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Credentialling of Australian critical care nurses : a dialectical study
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posted on 08.02.2017by Haralambous, Kathryn Ann
Aims: This research project endeavoured to explore and debate the purpose of
credentialling Australian critical care nurses; a process created and instituted by the
Australian College of Critical Care Nurses between 1996 and 1998. This research
project explored the impetus for the development of credentialling and its impact on
critical care nursing theory, practice and education.
Methodology: The student researcher employed a qualitative research framework
utilising dialectical approaches and Critical Social Theory to explore the phenomenon of
credentialling. In-depth interviews were conducted by telephone with two nurses
credentialled by the Australian College of Critical Care Nursing and with two
credentialling committee members of the Australian College of Critical Care Nursing.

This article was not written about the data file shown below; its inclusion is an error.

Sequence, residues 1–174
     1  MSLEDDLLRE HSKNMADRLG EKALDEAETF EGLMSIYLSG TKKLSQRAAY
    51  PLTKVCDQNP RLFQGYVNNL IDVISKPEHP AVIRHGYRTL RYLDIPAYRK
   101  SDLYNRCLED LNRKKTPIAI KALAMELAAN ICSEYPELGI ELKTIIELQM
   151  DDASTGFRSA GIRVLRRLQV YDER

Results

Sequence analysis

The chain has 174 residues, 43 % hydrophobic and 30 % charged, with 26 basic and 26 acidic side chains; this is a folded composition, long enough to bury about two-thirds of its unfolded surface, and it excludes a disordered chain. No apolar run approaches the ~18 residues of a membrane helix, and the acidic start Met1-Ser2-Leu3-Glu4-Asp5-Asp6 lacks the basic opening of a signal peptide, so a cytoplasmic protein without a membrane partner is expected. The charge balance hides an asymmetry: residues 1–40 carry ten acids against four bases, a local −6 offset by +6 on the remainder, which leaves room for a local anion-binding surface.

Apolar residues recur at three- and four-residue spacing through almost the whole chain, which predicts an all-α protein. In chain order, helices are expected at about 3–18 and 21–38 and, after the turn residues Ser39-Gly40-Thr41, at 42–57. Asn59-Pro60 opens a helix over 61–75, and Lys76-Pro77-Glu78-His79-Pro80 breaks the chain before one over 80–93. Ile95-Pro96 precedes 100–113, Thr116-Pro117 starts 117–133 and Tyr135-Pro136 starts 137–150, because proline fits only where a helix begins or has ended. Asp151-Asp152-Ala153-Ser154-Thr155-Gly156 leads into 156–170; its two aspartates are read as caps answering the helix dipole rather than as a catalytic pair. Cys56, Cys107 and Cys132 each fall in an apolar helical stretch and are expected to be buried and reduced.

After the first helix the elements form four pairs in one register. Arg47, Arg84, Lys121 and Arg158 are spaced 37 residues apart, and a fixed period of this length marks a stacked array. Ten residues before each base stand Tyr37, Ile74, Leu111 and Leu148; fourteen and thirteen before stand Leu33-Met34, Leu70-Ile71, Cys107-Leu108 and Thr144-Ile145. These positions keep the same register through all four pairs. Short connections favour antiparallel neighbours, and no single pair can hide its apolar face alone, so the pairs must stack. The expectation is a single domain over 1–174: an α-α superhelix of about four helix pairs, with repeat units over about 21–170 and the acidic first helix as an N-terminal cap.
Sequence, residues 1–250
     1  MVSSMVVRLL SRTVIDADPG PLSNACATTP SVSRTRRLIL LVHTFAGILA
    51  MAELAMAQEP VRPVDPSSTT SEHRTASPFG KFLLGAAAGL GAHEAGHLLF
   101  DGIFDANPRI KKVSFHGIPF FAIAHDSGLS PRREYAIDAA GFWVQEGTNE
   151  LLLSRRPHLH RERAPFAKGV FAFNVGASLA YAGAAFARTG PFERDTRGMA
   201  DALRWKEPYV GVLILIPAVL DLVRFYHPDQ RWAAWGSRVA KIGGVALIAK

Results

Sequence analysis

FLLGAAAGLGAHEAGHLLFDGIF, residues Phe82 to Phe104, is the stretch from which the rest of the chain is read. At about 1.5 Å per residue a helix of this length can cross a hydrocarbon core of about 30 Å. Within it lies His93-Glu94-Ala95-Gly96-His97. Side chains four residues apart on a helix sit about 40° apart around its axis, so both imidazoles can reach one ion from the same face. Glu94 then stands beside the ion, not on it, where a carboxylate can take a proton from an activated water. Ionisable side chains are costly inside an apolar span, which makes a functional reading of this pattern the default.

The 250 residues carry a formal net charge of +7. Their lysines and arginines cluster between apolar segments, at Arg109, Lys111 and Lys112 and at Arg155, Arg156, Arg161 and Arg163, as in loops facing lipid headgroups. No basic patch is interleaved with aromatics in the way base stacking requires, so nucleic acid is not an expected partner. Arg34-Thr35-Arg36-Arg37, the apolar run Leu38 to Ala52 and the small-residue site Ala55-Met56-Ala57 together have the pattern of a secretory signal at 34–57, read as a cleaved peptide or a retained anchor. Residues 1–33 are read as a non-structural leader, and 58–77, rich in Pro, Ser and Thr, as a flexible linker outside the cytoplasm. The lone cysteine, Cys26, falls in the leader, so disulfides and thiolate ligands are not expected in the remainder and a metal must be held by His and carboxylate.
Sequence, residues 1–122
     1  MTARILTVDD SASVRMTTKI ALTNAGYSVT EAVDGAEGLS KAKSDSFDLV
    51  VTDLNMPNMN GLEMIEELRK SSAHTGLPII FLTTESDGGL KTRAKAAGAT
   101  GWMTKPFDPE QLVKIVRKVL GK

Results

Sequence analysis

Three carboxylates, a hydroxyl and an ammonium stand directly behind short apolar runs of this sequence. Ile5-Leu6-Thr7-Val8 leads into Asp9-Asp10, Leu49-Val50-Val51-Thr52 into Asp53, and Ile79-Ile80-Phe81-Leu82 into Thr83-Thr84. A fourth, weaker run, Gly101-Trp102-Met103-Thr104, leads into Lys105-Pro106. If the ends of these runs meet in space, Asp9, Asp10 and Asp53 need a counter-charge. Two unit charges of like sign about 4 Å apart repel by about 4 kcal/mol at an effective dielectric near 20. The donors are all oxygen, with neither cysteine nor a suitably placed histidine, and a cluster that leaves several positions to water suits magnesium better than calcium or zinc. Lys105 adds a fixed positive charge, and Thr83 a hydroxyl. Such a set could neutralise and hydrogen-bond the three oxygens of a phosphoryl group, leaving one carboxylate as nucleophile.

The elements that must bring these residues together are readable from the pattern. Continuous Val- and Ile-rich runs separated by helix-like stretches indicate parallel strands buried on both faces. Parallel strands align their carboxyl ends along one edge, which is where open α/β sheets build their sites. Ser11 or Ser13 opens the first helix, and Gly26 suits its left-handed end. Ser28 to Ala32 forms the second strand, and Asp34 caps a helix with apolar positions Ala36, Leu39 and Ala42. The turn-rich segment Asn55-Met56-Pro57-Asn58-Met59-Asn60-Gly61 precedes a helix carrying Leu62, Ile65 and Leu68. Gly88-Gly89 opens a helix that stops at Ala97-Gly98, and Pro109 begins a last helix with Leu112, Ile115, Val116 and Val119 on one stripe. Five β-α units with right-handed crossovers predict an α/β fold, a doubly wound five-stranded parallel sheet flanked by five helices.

Findings: The student researcher found that credentialling critical care nurses resulted in
highlighting the need for positive changes to theory, practice and education. Positive
changes created by credentialling included increasing the perceived value of specialist
nursing care by the gaining of rewards and incentives through personal and professional
recognition, creating a clinical career path and, describing what nurses do in practice,
thus confirming their role and scope of practice in writing. Positive changes were seen
to contribute to increased professionalism. Negative outcomes of credentialling
explored by participants included changes in workplace flexibility and the introduction
of additional nursing regulation.
Discussion: Discussion of the findings explored and examined many social conditions
including patriarchy and empirics which support the ideology evident in the findings.
The ideologies that were explored in the discussion of the findings related to altruism,
professionalism and career structures.
Conclusion: Credentialling of Australian critical care nurses serves many purposes,
some of which are controversial. This research project has demonstrated that one of the
primary purposes of any credentialling process is to enhance the process of
professionalism and the gaining of professional status. The implications for critical care
nursing theory practice and education are currently unknown due to the small number of
critical care nurses credentialled to date.